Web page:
36,825 students learned with PRIDE in 2011-2012May 31, 2012 by clackey
Nature came to life in classrooms across southern and eastern Kentucky during this school year, thanks to the PRIDE Environmental Education Outreach Program.
The program sent 15 environmental education liaisons into schools in 22 counties (including all independent school systems in those counties), reaching a total of 36,825 students between September 2011 and May 2012. They were:
- Alger Jent – Knox County
- Amanda Wilson – McCreary County and Whitley County
- Beth McDaniel – Laurel County
- Cindy Looney – Perry County and Pike County
- Deborah Gay – Leslie County
- Derrick Howard – Magoffin County
- Kody Christian – Lee County and Owsley County
- Linda Rose – Morgan County
- Mary Hampton – Harlan County
- Monica Walker – Pulaski County and Russell County
- Paul Flowers – Lawrence County
- Sarah Talley – Bell County
- Shellie Kendall – Taylor County
- Sue Christian – Breathitt County and Menifee County
- Wonda Hammons – Clay County, Jackson County and Rockcastle County
Their goal was to help students prepare for state science tests and develop life-long environmental stewardship skills.
The liaisons taught lessons and led hands-on activities that covered a span of environmental topics including energy, botany, ecosystems, wildlife concepts, solid waste and water quality. They partnered with teachers to complement their classroom instruction.
The liaisons focused on third, fourth and fifth-grade classes. They also worked with all grade levels involved in PRIDE Clubs, which explore environmental issues and perform community service.
Liaisons also helped with a variety of special projects in their community. For example, the McCreary County liaison, Amanda Wilson, helped the county launch its recycling program by visiting all schools to demonstrate why and how to recycle.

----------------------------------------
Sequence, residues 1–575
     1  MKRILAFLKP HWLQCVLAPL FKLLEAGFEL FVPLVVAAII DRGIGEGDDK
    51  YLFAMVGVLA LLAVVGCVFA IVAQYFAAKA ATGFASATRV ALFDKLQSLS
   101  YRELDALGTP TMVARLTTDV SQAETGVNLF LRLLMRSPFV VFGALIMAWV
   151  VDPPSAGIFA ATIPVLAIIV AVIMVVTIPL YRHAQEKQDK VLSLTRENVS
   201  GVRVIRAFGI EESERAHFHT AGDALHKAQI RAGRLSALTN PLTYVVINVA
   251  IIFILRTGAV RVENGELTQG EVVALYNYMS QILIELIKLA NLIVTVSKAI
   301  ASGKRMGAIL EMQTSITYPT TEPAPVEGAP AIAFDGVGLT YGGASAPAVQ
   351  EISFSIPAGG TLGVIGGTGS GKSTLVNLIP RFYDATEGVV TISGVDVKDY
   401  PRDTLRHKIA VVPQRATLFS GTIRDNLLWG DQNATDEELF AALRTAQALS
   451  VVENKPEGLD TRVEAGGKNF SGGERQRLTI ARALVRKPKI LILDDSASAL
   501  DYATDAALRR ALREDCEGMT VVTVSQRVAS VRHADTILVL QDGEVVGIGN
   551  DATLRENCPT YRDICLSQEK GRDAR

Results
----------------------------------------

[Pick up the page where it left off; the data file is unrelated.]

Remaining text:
In Jackson County, liaison Wonda Hammons, guided students to design road signs that promoted community pride and discouraged littering. The fiscal court produced six student-designed signs and installed them on major roads.
“Students really turn on when PRIDE liaisons lead hands-on activities that bring to life lessons they’ve been learning in class,” said PRIDE’s Tammie Wilson. “Environmental education is a great tool for practicing a variety of skills, from math to problem-solving.”
“Teacher evaluations of the liaisons were excellent and showed great interest in continuing the program,” Wilson said. “I want to thank our liaisons, who are so creative and enthusiastic. They enjoy interacting with students and teaming with teachers.”
“We are grateful to the local governments, school boards, utility companies and others who sponsored the program in their counties, as well as the superintendents, principals and teachers who welcomed PRIDE into their schools this year,” Wilson added. “You are to be commended for investing in your students and our environment.”
PRIDE offers the outreach program in 38 counties of southern and eastern Kentucky. In each county, local leaders pay a fee, based on student population, to enroll their schools.
PRIDE is a nonprofit organization that promotes “Personal Responsibility In a Desirable Environment” in southern and eastern Kentucky. PRIDE works with communities to improve water quality, clean up solid waste problems and increase environmental awareness. PRIDE was founded in 1997 by Congressman Hal Rogers (KY-5) and the late James Bickford, former Kentucky Secretary of Environmental Protection.